Choose An Appropriate Time And Place

It's crucial to choose an appropriate time and place when initiating discussions about aging with your dad. It's best to approach the topic of aging in a private place where you can have an intimate conversation free from distractions.

Listen carefully to your dad’s schedule and try not to bring up the topic during stressful periods. If he has work deadlines or is busy managing other responsibilities, it may not be a suitable time for him to have such a serious discussion.

Remember that this conversation can be difficult for many people, so it’s important to show sensitivity towards your father’s feelings. Show respect and empathy while discussing sensitive issues related to aging.

Use Open-Ended Questions

Starting the conversation about aging with your father can be a delicate situation, but it's essential. One helpful tip is to use open-ended questions to encourage dialogue and avoid simple yes or no answers. Here are some examples of open-ended questions you can ask:

  • How do you envision your retirement years?
  • What kind of legacy would you like to leave behind for future generations?
  • What are your thoughts about end-of-life care and medical treatment options?
  • How do you feel about living arrangements as you age?
  • Can you share any memories or stories from your life that you'd like me to know?

By asking open-ended questions, you're giving your father the opportunity to express his feelings and thoughts on these sensitive issues. Remember to listen carefully and show empathy, even if the conversation becomes uncomfortable. Starting these conversations now can help ensure that both of you are on the same page when it comes to making critical decisions down the road.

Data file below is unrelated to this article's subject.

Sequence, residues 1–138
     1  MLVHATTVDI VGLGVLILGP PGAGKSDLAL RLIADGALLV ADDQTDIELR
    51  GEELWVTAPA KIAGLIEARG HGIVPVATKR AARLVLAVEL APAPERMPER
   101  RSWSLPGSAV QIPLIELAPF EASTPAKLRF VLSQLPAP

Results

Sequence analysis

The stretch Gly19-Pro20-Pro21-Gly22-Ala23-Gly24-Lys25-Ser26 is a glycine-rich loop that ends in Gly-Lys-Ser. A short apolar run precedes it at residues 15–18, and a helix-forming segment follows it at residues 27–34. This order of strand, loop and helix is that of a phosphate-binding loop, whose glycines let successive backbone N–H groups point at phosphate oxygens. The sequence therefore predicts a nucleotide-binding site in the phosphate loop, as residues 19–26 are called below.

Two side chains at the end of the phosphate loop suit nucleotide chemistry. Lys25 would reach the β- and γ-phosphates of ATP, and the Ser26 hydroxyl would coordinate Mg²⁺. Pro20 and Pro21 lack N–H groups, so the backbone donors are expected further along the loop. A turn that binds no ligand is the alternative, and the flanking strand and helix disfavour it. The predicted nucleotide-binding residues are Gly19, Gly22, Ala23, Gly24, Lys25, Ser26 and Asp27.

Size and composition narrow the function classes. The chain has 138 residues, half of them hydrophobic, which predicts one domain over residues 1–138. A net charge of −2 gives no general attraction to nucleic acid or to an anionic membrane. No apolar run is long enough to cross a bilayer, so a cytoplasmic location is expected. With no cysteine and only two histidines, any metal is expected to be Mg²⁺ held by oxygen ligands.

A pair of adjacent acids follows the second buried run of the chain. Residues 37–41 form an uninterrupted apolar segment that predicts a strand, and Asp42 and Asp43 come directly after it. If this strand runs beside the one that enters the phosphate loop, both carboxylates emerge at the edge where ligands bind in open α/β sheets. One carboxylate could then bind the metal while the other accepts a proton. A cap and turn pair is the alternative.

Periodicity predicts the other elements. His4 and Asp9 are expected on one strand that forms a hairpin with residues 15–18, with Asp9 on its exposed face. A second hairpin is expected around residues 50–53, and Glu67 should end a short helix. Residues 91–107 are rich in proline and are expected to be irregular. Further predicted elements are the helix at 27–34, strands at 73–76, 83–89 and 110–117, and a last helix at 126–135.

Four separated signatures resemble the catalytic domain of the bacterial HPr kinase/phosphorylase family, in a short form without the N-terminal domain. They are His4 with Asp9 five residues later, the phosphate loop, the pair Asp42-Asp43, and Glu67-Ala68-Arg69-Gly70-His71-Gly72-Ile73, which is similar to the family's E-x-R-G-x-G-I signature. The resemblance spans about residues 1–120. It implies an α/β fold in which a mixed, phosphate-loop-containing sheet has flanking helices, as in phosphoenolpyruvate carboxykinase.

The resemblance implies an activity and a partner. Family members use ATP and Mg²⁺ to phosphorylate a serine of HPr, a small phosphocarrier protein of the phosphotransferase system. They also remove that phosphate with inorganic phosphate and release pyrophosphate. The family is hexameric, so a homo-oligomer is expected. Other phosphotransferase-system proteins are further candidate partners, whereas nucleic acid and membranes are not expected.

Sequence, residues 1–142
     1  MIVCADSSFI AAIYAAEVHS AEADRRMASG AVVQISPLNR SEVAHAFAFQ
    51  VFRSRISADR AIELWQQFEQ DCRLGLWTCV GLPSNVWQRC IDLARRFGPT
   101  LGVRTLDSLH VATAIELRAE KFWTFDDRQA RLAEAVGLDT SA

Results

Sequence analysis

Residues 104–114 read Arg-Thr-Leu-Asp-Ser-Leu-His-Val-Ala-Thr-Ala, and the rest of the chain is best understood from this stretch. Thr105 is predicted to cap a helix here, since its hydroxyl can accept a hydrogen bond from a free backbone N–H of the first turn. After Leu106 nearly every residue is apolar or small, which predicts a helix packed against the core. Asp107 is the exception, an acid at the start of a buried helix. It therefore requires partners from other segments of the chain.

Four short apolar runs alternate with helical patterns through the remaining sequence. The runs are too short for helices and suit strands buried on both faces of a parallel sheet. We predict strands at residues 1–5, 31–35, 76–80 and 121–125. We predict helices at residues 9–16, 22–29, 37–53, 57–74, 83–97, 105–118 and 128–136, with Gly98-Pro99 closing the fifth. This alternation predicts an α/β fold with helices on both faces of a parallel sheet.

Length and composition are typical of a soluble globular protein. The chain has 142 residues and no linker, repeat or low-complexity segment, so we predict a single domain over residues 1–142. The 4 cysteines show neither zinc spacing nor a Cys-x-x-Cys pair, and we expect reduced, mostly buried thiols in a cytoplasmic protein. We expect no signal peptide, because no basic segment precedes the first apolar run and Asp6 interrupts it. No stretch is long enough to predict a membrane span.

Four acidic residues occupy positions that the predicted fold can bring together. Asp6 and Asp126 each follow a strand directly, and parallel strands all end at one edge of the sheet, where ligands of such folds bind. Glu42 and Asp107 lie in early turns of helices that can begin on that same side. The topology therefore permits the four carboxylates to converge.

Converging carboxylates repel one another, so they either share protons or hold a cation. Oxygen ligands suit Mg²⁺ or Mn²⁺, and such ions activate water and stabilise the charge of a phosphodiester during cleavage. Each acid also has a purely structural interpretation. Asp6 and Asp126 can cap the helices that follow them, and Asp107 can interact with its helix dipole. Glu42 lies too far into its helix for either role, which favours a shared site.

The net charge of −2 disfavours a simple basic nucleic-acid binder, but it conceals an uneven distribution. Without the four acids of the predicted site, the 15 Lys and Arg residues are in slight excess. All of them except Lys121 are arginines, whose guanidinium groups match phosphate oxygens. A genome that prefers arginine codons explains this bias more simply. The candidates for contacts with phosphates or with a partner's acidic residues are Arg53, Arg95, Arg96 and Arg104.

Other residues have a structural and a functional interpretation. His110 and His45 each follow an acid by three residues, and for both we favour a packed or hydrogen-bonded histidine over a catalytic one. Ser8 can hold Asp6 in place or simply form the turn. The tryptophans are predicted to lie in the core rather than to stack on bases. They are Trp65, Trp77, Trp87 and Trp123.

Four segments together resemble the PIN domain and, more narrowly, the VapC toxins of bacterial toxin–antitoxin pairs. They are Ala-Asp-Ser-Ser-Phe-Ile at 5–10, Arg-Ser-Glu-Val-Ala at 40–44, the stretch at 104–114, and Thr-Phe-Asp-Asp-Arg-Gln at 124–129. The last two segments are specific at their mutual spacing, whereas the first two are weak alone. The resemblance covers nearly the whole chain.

Show Empathy And Understanding

It's important to approach conversations about aging with empathy and understanding. This means putting yourself in your dad's shoes and trying to understand his feelings and concerns about getting older.

For example, if your dad is worried about losing independence as he ages, you can show empathy by acknowledging his fears and discussing options for maintaining his autonomy.

If he is concerned about health issues, offer support by researching possible treatments or finding a good doctor for him.

Offer Support And Encouragement

One of the most important things that men can do when having conversations with their dads about aging is to offer support and encouragement. Though these discussions may be difficult, it's crucial to remember that everyone involved is likely feeling vulnerable, scared, or uncertain.

Offering support might look like helping your dad research elder care options in the area or going with him for a doctor's appointment. It might also mean simply listening without judgment as he expresses his worries about getting older or dealing with health issues.


In conclusion, having difficult conversations with our aging parents can be uncomfortable and awkward, but they are necessary for their well-being and our own peace of mind.

This guide offers tips and guidance for starting the dialogue about important topics like financial planning, end-of-life care, and medical history. By using open-ended questions, showing empathy and compassion, and offering support, we can have meaningful conversations that lead to better understanding between fathers and sons.